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Ann N Y Acad Sci. 2002 Jun;966:108-18.

Regulation of leukocyte-endothelial interactions by glucocorticoids.

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Rheumatology Unit, Thomas Guy House, Guy's Hospital, London, UK.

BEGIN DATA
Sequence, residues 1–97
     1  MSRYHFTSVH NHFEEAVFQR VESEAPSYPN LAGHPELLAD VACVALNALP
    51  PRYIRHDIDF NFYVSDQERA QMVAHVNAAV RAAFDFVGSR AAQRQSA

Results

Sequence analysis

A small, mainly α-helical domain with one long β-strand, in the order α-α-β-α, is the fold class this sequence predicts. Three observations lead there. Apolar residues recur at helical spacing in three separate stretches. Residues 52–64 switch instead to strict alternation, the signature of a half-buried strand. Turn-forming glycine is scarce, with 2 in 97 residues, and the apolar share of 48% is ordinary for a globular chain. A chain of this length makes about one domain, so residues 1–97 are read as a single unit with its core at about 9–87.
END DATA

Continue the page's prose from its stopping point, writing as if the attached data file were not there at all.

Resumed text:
Glucocorticoids (GCs) are steroid molecules endowed with powerful anti-inflammatory and immunosuppressive properties. Traditionally, the anti-inflammatory action of GC has been largely ascribed to the synthesis of lipocortin-1 (now know as annexin I), while the immunosuppressive effect has been linked to the inhibition of several immune functions and the synthesis of important cytokines and chemokines. In addition to these modes of action, there is a mounting body of evidence suggesting that GCs can also inhibit cell adhesion events, which also play a crucial role in the inflammatory/ immune response. The mechanisms by which GCs modulate cell adhesion are complex and multifactorial. It is now clear that GCs can directly regulate cell adhesion molecule (CAM) gene transactivation through the classical glucocorticoid receptor (GR) pathways. These involve interference with activation/ transcription factors such as AP-1 and NF-kappaB, as well as binding of the GC-GR complex to specific DNA sequences, called glucocorticoid response element "GRE," with ensuing CAM gene inhibition. In addition to these "genomic" mechanisms, there is increasing recognition of alternative modalities of action of GC that are independent from modulating gene expression and for this reason defined as "non-genomic." These are characterized by a rapid response (seconds/minutes) and insensitivity to inhibitors of gene transcription and protein synthesis. The non-genomic effects could be due to direct physicochemical interactions with cell membrane constituents including ion channels and membrane associated proteins. This would lead to inhibition of intracellular signaling pathways involved in CAM activation and cytoskeleton reorganization essential for cell adhesion and locomotion.

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